Such was the Faustian pact that condemned New Zealand to economic and cultural vassalage for the next twenty years. Barely two years after the lifting of the emergency regulations, Holland’s government was sponsoring that protracted orgy of “patriotism” known as the 1953 Royal Tour. “Mother England’s” apron strings had become an embarrassing (at least for the British!) fetish. Nothing was “good” unless it came from “Home”. Every morning, from Northland to the Bluff, tens of thousands of shivering children lined up in front of their schools’ flagstaffs to sing “God Save the Queen”.

And the unions? Those supposed schools of socialism simply stagnated into dingy dens of dubious deal-makers. A raft of post-1951 legislation forbade them from expending union funds on anything other than negotiating agreements. The once-vibrant union press was reduced to printing pallid newsletters. Red-baiting became the surest route to the top. For many years, the Wellington Engineers quizzed every prospective union office-holder with Joe McCarthy’s infamous: “Are you now, or have you ever been, a member of the Communist Party?” It was illegal to so much as whisper the word “scab”. Inevitably, anti-communist organisations like Young Catholic Workers moved in to occupy the ideological vacuum. By the mid-1960s, the union movement had become a bastion of social conservatism.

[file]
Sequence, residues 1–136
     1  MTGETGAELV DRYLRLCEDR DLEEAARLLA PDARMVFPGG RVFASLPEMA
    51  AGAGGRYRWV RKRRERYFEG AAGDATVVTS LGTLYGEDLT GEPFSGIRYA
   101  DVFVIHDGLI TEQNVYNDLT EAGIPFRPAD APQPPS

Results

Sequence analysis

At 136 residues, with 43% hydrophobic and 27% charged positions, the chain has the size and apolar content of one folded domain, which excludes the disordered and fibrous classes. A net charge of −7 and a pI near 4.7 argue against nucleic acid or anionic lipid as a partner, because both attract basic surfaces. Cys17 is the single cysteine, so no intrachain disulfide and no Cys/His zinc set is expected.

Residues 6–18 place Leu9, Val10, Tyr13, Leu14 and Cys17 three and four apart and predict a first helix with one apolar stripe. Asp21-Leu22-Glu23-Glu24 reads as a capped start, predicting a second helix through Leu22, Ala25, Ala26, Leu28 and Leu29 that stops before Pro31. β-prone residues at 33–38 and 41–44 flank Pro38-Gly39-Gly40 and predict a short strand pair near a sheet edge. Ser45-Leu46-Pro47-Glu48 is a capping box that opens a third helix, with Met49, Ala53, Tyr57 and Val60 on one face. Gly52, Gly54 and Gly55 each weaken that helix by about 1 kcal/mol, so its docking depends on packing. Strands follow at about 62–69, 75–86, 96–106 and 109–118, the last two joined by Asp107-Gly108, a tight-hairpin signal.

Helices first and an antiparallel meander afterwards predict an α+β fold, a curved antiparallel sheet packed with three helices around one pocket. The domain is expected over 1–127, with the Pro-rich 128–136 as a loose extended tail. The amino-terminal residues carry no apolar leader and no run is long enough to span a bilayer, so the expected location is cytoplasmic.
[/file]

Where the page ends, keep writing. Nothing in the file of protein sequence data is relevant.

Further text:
The Devil collects his due

It was the “Nil Wage Order” of 1968 that finally broke the spell of 1951. The inflationary pressures building up under the New Zealand economy drove the rank-and-file to demand that their wages at least kept pace with the cost of living.

It was the workers in key strategic industries – freezing workers, drivers, electricians – who led the way, but by the early 1970s a strike wave of unprecedented size was sweeping the country.

The employers demanded action, but the National Party – now led by Rob Muldoon – needed the votes of socially conservative, blue collar union members to stay in office. His alternative to smashing the unions – a series of wage and price freezes – only made things worse. In 1979, the FoL felt confident enough to call the first general strike since 1913. By the early 1980s, Muldoon had run out of options. In 1983, he finally relented and allowed his minister of labour, Jim Bolger, to abolish compulsory unionism.